What Is Casein?
Casein is the name given to a group of related proteins found in mammalian milk. The word “casein” comes from the Latin word caseus, which means “cheese”, which makes sense since casein is one of the main chemical substances in cheese. Cheese is made by coagulating casein, typically by acidifying milk and adding the enzyme rennet to coagulate protein. Casein is also used as binder to make safety matches, as a food additive (protein supplement), to make a quick-drying water-soluble paint, for glue and plastics, and to remineralize tooth enamel.
Casein makes up 80% of the proteins found in cow’s milk and 20%-45% of the proteins in human milk. These proteins are all phosphoproteins, which contain a high number of proline residues (an amino acid) and no disulfide bridges. The protein is poorly soluble in water, found in milk as a suspension of particles that are termed “casein micelles”. The micelles are considered colloidal particles.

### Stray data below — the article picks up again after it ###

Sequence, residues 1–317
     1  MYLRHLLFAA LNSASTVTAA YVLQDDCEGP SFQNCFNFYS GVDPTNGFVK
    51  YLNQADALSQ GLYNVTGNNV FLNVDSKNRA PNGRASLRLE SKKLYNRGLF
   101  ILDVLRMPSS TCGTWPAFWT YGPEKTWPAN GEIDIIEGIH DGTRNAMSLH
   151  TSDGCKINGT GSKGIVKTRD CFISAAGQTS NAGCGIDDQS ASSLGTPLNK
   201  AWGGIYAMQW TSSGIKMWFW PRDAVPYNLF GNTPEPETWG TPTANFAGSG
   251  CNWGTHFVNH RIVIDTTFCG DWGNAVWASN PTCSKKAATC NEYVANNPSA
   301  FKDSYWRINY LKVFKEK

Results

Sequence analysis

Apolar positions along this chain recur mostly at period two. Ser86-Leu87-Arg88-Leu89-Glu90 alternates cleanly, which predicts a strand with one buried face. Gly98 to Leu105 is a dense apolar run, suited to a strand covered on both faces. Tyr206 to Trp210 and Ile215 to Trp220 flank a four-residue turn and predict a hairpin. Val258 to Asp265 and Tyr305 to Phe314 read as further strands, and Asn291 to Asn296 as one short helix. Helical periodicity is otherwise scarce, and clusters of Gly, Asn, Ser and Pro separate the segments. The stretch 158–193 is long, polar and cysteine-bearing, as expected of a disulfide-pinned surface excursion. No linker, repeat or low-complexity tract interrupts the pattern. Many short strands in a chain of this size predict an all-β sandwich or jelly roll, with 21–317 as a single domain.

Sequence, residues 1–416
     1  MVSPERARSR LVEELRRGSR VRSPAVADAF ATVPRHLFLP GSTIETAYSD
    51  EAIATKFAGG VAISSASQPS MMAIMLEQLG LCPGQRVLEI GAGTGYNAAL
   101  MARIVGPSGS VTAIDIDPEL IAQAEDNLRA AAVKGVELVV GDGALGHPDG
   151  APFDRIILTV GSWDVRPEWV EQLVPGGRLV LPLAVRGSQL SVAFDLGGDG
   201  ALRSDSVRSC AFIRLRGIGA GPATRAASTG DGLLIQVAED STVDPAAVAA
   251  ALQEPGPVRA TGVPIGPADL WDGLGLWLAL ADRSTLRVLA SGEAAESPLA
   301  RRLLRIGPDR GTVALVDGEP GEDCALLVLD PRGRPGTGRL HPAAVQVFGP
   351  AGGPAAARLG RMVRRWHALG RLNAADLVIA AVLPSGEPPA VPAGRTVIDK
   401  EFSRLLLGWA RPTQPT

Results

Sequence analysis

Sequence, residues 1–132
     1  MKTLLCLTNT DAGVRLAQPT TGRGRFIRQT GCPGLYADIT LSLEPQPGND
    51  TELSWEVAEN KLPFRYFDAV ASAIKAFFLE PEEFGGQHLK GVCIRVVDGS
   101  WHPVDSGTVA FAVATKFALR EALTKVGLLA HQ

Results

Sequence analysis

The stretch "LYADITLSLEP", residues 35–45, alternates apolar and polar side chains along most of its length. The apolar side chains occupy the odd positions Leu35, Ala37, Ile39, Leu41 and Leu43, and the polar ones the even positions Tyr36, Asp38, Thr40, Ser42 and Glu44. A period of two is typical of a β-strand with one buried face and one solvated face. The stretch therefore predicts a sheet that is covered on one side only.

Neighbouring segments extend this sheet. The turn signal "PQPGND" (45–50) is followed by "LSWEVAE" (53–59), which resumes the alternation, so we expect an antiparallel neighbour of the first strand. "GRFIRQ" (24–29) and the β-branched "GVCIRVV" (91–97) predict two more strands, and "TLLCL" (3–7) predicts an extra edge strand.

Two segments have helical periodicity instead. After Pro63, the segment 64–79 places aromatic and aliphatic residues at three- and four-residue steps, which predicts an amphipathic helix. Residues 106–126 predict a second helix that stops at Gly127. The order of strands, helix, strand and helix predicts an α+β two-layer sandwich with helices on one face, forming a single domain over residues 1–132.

Casein Safety and Health Concerns
A small percentage of people are allergic to casein and should avoid it, but most of the negative press the protein receives relating to health is unfounded. Research into a suspected link between milk consumption and cancer has shown casein cannot be identified as a causative chemical. Early studies linking chronic diseases and the A1 or A2 beta casein genetic variants have not been substantiated by modern research.